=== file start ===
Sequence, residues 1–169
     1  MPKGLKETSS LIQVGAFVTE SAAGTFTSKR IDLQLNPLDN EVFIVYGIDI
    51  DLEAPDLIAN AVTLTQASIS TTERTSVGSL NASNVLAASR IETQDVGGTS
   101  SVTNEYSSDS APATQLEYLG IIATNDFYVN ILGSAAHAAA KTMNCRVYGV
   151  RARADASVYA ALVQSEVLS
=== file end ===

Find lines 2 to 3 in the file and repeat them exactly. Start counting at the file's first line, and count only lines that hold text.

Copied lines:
     1  MPKGLKETSS LIQVGAFVTE SAAGTFTSKR IDLQLNPLDN EVFIVYGIDI
    51  DLEAPDLIAN AVTLTQASIS TTERTSVGSL NASNVLAASR IETQDVGGTS